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imagegod
10-13-2007, 06:19 AM
How do translators handle foreign passages? That is, if my MC says something in French, how is this passage handled in the French translation of the book? Depending on the intent of the writer, keeping the passage in French could be a problem...
What if the MC is saying something he doesn't want others to understand (and thus speaks a foreign language)?
What if the writer's intent is to write something that's 'romantic and European' as percieved by the English reading public?
What about idomatic passages: The meaning of 'Se la vie' may be obvious to both French and English readers, but the intent is clearly different than 'That's life!' when used in a American English novel.
I could go on and on...when I use foreign languages, my intent almost always goes beyond simply saying something in a differenct language...just curious.

Thanks!

ORION
10-13-2007, 09:47 AM
My translators contact me directly about any problems like that (they just email me) and we both decide what to do-- if it was anything REALLY complex I would have to talk to the publisher. So far nothing has been that big of a deal- worry about it when your book sells. It would only be an issue for one particular language anyway-
I think I had an interesting question from my swedish translator because the word aunt is different if it's a maternal aunt or paternal aunt...

nevada
10-13-2007, 08:58 PM
Sorry, I have to say this. It's C'est la vie.

Cathy C
10-13-2007, 11:20 PM
We tend to use a variety of languages in our books---from Hebrew to French and Russian, plus others yet to come up. We tend to ask around and find book reviewers in the country of the language and ask to be certain that the wording appears accurately. (Reviewers LOVE doing this, by the way. It makes them crazy when local stuff appears wrong, so they're often happy to help.) Then, when it comes time to do the translation, it might be that you need to reverse the process and have the wording appear in a different language than the primary one being transposed into. We've thought a lot about this as we've started to sell foreign rights.

Mostly, though, I think the foreign reader is going to KNOW instinctively that the novel is set in America, and that the target audience were English speakers. So, I don't worry too much about it. :)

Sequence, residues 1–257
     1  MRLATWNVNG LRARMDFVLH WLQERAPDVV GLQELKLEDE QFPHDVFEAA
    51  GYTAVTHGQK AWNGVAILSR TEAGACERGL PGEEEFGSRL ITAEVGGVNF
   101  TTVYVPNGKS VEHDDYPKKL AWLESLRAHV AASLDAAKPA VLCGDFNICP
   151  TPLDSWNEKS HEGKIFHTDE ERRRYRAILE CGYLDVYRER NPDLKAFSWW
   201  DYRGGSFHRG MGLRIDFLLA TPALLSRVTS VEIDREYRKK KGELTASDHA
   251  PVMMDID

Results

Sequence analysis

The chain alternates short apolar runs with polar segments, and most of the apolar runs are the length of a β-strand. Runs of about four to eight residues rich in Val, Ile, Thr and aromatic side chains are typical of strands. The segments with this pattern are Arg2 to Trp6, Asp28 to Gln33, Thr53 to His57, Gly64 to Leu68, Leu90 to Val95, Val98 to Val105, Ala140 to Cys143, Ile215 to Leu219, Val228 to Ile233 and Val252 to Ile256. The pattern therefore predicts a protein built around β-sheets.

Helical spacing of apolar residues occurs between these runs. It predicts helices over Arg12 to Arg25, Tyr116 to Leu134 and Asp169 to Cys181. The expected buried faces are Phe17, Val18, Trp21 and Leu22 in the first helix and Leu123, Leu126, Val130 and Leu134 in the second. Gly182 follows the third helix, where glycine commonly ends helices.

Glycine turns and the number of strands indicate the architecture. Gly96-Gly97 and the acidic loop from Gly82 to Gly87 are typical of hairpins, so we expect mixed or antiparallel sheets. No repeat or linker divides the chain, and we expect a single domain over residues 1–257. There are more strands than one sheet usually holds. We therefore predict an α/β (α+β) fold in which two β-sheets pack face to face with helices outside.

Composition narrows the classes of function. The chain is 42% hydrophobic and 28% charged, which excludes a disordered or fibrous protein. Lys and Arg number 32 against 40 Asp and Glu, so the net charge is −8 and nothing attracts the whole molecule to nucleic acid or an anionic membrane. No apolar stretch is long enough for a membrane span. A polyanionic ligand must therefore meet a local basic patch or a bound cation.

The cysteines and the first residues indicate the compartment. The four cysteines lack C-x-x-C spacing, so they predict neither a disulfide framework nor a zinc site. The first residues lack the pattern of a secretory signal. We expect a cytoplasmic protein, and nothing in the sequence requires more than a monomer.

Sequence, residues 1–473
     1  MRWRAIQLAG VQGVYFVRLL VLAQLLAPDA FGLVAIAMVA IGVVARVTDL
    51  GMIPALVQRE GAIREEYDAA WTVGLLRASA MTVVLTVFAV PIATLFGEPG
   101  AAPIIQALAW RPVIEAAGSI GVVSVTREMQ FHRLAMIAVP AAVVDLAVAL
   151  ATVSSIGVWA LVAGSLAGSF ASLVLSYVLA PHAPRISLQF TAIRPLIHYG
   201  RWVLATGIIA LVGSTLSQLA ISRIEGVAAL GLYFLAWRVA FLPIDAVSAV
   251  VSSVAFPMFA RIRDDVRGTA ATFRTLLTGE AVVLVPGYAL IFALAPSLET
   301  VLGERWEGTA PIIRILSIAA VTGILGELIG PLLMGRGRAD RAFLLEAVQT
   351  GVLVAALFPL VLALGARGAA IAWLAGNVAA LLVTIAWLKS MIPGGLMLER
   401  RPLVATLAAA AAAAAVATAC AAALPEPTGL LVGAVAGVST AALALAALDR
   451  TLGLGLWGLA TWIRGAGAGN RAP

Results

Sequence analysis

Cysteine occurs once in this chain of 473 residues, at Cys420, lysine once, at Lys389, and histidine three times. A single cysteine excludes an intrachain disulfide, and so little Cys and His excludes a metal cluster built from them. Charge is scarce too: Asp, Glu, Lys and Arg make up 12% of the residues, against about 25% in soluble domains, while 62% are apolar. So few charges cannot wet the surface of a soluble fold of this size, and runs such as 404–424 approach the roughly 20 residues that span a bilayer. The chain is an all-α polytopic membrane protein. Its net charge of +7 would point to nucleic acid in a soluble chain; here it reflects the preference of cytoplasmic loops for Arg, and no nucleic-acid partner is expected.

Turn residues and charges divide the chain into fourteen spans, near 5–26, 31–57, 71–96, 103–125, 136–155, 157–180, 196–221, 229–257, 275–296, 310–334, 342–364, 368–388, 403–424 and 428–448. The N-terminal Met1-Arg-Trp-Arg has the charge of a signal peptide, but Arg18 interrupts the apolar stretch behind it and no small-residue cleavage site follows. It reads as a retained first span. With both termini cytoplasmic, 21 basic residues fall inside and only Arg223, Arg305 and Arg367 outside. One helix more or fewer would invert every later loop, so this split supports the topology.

ORION
10-13-2007, 11:35 PM
Cathy - you are right - most readers assume it takes place in America - I have been amazed at the complexities- especially in my book where there is much word play and focus on language.

talkwrite
10-15-2007, 09:04 PM
Imagegod, you asked for a reply to this thread in another translation related thread so here we go; We prefer to consult with the author so as to maintain the original intent and message of the text. These are common situations for literary translators which is why we take courses, network and belong to professional organizations- it is a skill that has to be maintained just like writers work to improve their skills.

Two authors that I worked with chose to handle passage language deviation differently. One maintained the same language and italicized the passage. The other changed the language to one that was spoken in the region of the setting of the book- a language of lesser diffusion. In non fiction publishers ask that language deviation be noted in the forward to maintain the integrity of the content.
Idiomatic expression are a common topic in our coursework. We keep lists of culturally correct comparatives and make sure they are in usage in the region. Children's Lit offers the most challenges but not adult fiction.
I recommend this book Literary Translation by Clifford Landers for insights and instruction on our work.http://books.google.com/books/multil...ifford+Landers
I hope this helps.